But Aboulafia, who calls the plane an “intriguing prospect,” warns there are challenges to the KC-390. The engines’ location underneath the wings could make it unsuitable for the kind of special operations that the C-130J has become known for, and it is unclear if the Brazilian company can deliver the plane at a cheap enough price.
Additionally, because the US dominates the market, the reality is that Embraer has a very narrow window.
“About half the C-130s are owned by the US,” he said. “As long as the C-130J is around, the KC-390 is going to have a real tough time penetrating the US market.”
It is more likely that the KC-390 can make inroads among smaller countries, in batches of 10 or 20, than making a big international splash.
For its part, Lockheed remains confident that the C-130J will continue to dominate the market.
“We see the C-130 as being much more relevant to the missions of our customers,” Steve Pigott, Lockheed’s head of business development for international air mobility, said during a May interview.
“Certainly, Embraer is a great company, they make great airplanes,” he said. “We’re cognizant of what’s going on. [But] we believe firmly in the design of the C-130 airplane. It has served 70 air forces very well, and we’re going to continue to update it.”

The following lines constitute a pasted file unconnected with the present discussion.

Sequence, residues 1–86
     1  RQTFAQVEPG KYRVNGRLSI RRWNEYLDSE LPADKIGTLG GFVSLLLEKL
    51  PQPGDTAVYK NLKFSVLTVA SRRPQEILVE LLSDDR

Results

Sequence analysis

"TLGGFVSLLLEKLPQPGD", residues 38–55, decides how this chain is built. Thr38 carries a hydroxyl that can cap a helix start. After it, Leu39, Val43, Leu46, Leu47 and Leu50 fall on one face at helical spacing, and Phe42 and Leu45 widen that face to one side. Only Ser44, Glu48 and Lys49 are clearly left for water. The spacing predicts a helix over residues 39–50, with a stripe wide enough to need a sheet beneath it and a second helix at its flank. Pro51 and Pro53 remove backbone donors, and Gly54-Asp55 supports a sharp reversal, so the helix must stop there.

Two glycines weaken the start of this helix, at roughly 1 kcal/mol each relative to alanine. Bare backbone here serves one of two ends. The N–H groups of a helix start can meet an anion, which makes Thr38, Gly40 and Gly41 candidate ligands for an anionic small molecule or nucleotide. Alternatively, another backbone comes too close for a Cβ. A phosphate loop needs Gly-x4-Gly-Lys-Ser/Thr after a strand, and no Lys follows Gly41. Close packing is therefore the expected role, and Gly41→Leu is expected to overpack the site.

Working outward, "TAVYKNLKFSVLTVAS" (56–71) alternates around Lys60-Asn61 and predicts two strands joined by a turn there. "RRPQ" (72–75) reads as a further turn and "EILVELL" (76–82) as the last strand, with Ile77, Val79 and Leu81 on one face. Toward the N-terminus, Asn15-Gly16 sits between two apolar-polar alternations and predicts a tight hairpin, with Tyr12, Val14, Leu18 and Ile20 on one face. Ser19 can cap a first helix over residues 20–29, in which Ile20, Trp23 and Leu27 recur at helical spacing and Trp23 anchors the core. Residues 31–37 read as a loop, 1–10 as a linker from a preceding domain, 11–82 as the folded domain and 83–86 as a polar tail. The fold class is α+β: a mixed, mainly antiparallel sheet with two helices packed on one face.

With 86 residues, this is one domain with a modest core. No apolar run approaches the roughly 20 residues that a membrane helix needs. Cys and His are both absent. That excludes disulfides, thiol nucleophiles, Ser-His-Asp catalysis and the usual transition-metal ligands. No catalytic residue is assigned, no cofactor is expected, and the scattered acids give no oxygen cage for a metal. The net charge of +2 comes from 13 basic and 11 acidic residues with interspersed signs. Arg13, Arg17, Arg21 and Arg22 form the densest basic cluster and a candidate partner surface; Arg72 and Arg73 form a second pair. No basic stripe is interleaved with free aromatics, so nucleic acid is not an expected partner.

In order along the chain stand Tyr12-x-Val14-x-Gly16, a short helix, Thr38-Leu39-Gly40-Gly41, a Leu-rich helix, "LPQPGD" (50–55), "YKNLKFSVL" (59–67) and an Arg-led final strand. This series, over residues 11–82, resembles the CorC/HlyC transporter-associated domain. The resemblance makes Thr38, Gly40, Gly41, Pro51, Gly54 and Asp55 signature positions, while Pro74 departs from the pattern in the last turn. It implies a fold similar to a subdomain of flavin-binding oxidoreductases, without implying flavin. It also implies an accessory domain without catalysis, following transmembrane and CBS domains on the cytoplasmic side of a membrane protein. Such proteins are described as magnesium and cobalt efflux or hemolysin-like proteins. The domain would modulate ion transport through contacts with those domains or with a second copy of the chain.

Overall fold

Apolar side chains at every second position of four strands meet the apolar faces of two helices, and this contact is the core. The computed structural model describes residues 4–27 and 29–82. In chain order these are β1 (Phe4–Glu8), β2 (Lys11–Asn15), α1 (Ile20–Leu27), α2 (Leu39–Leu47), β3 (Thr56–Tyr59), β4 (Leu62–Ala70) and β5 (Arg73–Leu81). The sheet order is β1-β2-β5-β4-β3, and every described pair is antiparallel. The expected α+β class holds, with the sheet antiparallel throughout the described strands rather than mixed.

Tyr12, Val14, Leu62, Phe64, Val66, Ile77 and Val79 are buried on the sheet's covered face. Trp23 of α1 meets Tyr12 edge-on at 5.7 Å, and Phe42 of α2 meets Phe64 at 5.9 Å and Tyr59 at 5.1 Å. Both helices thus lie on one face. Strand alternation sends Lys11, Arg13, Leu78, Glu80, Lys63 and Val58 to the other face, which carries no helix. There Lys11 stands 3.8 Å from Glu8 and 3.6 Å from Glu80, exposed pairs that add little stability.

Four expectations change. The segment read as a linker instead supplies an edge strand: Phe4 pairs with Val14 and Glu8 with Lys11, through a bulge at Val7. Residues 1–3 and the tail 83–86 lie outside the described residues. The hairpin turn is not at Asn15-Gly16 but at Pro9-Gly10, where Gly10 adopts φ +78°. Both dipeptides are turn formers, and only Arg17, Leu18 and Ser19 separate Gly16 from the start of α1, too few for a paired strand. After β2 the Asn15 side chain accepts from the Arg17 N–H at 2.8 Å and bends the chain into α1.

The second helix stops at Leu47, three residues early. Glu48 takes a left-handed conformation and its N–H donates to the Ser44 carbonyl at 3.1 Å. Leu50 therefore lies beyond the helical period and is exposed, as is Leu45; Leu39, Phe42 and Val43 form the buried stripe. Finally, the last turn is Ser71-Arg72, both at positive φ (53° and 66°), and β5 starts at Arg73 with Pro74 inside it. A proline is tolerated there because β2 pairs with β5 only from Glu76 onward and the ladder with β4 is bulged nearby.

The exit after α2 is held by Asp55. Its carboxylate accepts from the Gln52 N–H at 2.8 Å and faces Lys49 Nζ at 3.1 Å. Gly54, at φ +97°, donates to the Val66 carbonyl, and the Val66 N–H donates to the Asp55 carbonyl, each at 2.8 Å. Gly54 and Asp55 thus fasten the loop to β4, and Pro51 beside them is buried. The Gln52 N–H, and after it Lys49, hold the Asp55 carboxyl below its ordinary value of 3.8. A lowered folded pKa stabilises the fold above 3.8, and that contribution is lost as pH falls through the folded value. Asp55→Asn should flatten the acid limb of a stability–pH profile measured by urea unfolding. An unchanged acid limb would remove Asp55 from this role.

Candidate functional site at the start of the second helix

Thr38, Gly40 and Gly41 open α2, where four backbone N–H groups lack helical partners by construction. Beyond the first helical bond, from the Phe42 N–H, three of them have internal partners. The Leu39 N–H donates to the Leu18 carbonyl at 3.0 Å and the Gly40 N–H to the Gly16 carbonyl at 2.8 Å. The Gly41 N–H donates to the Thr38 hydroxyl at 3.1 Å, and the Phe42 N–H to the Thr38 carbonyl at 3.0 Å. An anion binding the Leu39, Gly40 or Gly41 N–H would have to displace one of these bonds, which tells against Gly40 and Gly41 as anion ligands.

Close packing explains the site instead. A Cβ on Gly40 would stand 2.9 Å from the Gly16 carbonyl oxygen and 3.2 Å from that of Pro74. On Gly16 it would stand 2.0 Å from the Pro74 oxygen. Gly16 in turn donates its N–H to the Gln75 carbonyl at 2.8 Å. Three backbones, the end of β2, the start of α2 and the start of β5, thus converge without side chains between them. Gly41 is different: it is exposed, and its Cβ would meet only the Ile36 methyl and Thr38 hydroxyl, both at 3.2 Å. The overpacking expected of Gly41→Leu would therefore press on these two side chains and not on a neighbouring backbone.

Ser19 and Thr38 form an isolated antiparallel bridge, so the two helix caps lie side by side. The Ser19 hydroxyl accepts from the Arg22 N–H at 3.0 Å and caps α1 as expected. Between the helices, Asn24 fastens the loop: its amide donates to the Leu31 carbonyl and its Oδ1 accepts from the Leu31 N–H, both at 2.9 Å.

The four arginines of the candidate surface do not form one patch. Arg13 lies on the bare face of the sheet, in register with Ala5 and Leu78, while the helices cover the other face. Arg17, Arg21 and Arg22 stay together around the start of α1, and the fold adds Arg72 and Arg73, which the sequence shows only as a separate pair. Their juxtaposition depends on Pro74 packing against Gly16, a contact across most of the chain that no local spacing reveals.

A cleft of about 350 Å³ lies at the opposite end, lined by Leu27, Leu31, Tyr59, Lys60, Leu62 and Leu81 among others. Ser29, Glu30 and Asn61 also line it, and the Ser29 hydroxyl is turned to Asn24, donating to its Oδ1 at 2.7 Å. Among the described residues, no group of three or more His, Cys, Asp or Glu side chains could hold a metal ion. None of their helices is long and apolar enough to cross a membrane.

With sales of new planes down across the board, companies are increasingly turning to after-market upgrades and repairs as a way to ensure cash flow for the future.
Rolls-Royce, for example, hopes to reap financial benefits from its Series 3.5 engine enhancement to the C-130, a retrofit that the company claims could expand life on older C-130 models through 2040.
With the C-17, “we always have plans for enhanced capabilities,” Boeing’s Dunehew said. “We’re always looking at the future, anticipating what’s going to be out there. You can’t be a company that looks back and sits back because that’s not a good strategy for a long-term business.”
But while the maintenance, repair and overhaul (MRO) market has been strong in the past, it also has contracted as countries try to wring every dollar out of older aircraft.
The MRO market for Western military aircraft sits at about $60.7 billion, Hal Chrisman, vice president with services firm ICF International, said. But that number is driven by a “budget dichotomy” where certain regions are shrinking and others, particularly Asia and the Middle East, are increasing their spending.
In Asia, China’s investments are driving US allies to up their spending; in the Middle East, Saudi Arabia, UAE and Egypt are pushing MRO spending.
“It’s important to note that with reduced production and a reduced procurement budget, there is a need to increase the MRO budget,” Chrisman said. “The mission is still there, and the only way to accomplish the mission without buying new airplanes is making the older airplanes live longer and be more capable.”
The MRO market for the key Western-made military transports mentioned above was $5.5 billion in 2012. ICF International analysts project that number to grow slightly at around 1.7 percent annually through 2021, a fairly small increase in the market that will leave American companies with little room to grow their businesses in this area.
Chrisman expects the overall MRO market to contract slightly in 2014 before beginning to tick up. But it is unlikely to reach the heights of the last decade, when a significant amount of MRO was being done in theater in Iraq and Afghanistan.